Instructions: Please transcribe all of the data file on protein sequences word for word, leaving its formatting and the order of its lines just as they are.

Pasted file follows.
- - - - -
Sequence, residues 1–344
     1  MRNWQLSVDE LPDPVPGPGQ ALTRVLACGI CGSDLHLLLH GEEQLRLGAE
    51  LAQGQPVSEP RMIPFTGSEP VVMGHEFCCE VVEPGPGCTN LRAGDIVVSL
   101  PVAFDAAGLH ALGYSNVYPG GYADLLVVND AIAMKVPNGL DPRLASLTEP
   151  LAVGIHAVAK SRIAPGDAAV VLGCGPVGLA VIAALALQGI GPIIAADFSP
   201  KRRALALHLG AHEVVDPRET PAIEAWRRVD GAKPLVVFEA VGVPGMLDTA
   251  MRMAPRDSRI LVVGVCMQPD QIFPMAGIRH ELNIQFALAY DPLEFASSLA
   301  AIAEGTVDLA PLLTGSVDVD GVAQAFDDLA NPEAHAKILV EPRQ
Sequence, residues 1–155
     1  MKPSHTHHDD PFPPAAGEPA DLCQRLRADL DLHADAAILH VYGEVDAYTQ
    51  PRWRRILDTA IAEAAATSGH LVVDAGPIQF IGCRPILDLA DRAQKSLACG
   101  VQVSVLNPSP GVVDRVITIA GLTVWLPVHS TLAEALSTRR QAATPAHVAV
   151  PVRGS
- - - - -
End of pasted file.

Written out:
Sequence, residues 1–344
     1  MRNWQLSVDE LPDPVPGPGQ ALTRVLACGI CGSDLHLLLH GEEQLRLGAE
    51  LAQGQPVSEP RMIPFTGSEP VVMGHEFCCE VVEPGPGCTN LRAGDIVVSL
   101  PVAFDAAGLH ALGYSNVYPG GYADLLVVND AIAMKVPNGL DPRLASLTEP
   151  LAVGIHAVAK SRIAPGDAAV VLGCGPVGLA VIAALALQGI GPIIAADFSP
   201  KRRALALHLG AHEVVDPRET PAIEAWRRVD GAKPLVVFEA VGVPGMLDTA
   251  MRMAPRDSRI LVVGVCMQPD QIFPMAGIRH ELNIQFALAY DPLEFASSLA
   301  AIAEGTVDLA PLLTGSVDVD GVAQAFDDLA NPEAHAKILV EPRQ
Sequence, residues 1–155
     1  MKPSHTHHDD PFPPAAGEPA DLCQRLRADL DLHADAAILH VYGEVDAYTQ
    51  PRWRRILDTA IAEAAATSGH LVVDAGPIQF IGCRPILDLA DRAQKSLACG
   101  VQVSVLNPSP GVVDRVITIA GLTVWLPVHS TLAEALSTRR QAATPAHVAV
   151  PVRGS